Canadian Research Says Mobile Phones Are Causing Big Hearing Problems in Teenagers

You can’t spend all day and a chunk of the night pumping high-volume audio directly into your ears via headphones and earbuds without causing some kind of damage. Now there’s more research from a Canadian group that says that mobile phones are threatening the hearing of an entire generation.

The big issue is tinnitus, that horrible never-ending ringing in the ears from which escape is impossible. (My mother has it; she can’t fall asleep unless she masks the noise with the radio; something that drives my father nuts.) It’s estimated that some 300 million people around the world suffer from tinnitus and predictions are that this number is only going to climb higher, thanks to careless use of personal music devices.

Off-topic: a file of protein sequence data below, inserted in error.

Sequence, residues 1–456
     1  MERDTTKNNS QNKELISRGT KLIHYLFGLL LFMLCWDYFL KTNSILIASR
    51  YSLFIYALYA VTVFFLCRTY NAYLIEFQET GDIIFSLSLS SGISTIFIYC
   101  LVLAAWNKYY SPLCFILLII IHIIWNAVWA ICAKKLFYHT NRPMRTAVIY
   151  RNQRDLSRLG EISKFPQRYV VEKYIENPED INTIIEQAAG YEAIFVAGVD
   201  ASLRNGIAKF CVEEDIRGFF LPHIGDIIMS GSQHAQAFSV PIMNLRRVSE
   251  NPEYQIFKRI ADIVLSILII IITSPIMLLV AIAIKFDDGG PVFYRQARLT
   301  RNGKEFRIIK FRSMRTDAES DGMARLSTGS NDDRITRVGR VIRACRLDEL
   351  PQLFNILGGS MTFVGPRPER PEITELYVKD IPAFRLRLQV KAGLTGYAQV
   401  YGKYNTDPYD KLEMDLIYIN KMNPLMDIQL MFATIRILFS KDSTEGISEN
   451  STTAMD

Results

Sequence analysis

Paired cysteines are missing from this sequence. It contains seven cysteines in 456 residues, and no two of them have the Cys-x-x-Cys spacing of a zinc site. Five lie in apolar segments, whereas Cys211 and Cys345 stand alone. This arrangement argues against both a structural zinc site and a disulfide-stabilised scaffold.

New research from the boffins at McMaster University in Hamilton tested 170 teenaged students and found that over a quarter of them are already suffering from persistent and chronic tinnitus. They consider this an indication of hidden permanent damage to the sound-processing nerves of the ear and the brain. Unlike some hearing loss issues, this nerve damage cannot be undone.

Read more here.


Alan Cross

is an internationally known broadcaster, interviewer, writer, consultant, blogger and speaker. In his 40+ years in the music business, Alan has interviewed the biggest names in rock, from David Bowie and U2 to Pearl Jam and the Foo Fighters. He’s also known as a musicologist and documentarian through programs like The Ongoing History of New Music.

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